Full disclosure first: In a former life, Condoleezza Rice was a valued colleague who once invited me to lecture to her classes at Stanford University. Not long afterward, her career blasted off. Under President George W. Bush, she was national security adviser and secretary of state, the first black woman to hold either post. Along the way, she also became Stanford’s provost, which is nothing to sneeze at.
Neither is having an enduring reputation as a class act. That reputation is the real reason why Dr. Rice recently withdrew her acceptance of an invitation by Rutgers University to appear as their commencement speaker. The campus controversy made headlines, fanned by the usual cabal of leftist faculty nitwits and student activists who decried her as a war criminal.
Such a dastardly person, complicit in the war policies of a Republican president, was for them obviously unfit to speak at the very same commencement that might have celebrated Tyler Clementi’s graduation. You may remember that Clementi, then a Rutgers freshman, committed suicide in 2010 after being outed as homosexual — a tragic incident that made Rutgers synonymous with cyberbullying.
In the interim, the Rutgers student body, faculty and administrators have apparently learned nothing — and may not even suspect anything. The essence of higher education is educating the mind to make intelligent distinctions, engaging in reasoned discourse among many different points of view, reaching intelligent conclusions and then finding the courage to link reason with action. Or at least that is the theory of American higher education. As shown by Rutgers — the state university of New Jersey — the reality of today’s American campus is rather different.
College and university leadership has been so undercut by the politically correct thought police that most administrators are theoretically qualified to run in next month’s gelding sweepstakes at Pimlico. College presidents in particular owe their exclusive positions and high-six-figure salaries to their prowess in fundraising. In such rarefied climes, controversy might cause wallets, checkbooks and endowments to slam shut. Thus, their working philosophy is that of the 19th-century French politician who famously said, “There go the people. I must follow them, for I am their leader.” Could the Rutgers community learn something about discrimination from Condi Rice, who grew up in segregated Birmingham, Alabama, and remembers hearing the bomb that killed several of her church friends? Maybe — but better to smooth over any remaining controversy.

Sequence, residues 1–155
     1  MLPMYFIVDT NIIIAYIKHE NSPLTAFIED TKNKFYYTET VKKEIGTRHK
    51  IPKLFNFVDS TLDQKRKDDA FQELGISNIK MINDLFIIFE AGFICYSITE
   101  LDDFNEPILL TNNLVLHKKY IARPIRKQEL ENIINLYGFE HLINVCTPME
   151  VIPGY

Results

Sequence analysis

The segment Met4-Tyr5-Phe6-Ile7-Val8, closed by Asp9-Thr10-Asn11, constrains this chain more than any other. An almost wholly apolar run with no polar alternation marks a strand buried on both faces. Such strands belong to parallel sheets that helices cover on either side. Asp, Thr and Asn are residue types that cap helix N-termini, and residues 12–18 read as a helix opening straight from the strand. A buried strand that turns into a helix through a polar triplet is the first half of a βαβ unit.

Faculty committees devoutly believe that principles should govern other people, particularly those who pay their salaries. They agree wholeheartedly with a previous commencement speaker, Nicole “Snooki” Polizzi of MTV’s “Jersey Shore,” who would surely have pointed out that Gov. Chris Christie needed better principles to avoid the recent unpleasantness with the George Washington Bridge — “Ya know what I’m sayin’?” Worse yet, the collectivist professoriate was perpetuated and advanced by people who studiously avoided military service while burrowing into the securely tenured niches of academe — all publicly funded. Along the way, they acquired a deep-seated and instinctive prejudice against public servants such as Dr. Rice, who took on the difficult responsibilities of war and peace that they avoided. Her greatest potential threat to the Rutgers faculty: The obvious contrast with her plebeian detractors.
Rutgers students are probably no better and not much worse than their contemporaries elsewhere. As charter members of the wired-in generation, their knowledge base is typically a mile wide and an inch deep, with intellects that are more immediate than critical. In Dr. Rice, they might have glimpsed not only a distinguished public servant who triumphed over segregation, but also a true Renaissance woman.
As a White House staffer early in her career, she shocked Soviet officials with her Russian fluency. Her KGB profile must eventually have noted her prowess as a figure skater and an accomplished concert pianist. If you are a student or a parent paying for that student’s education, you might have been even more impressed by another quality that is quickly becoming all too rare in this country. It’s called character — something that parents and families, as well as ministers, priests and rabbis often equate with destiny. In Condi’s case, her character was built-in, not added on. So if you live today in freedom, it is partly because of her.
Since commencements are celebrations of learning, those of us far from the Rutgers campus should remember that education in this country is shaped not only by faculties and administrators, but also by the leaders we put in office and the resources we grant them. So before it gets more expensive than health care and more out-of-control than the IRS, our educational system requires a thorough overhaul, and maybe some adult leadership as well.
Ken Allard, a retired Army colonel, is a military analyst and author on national security issues.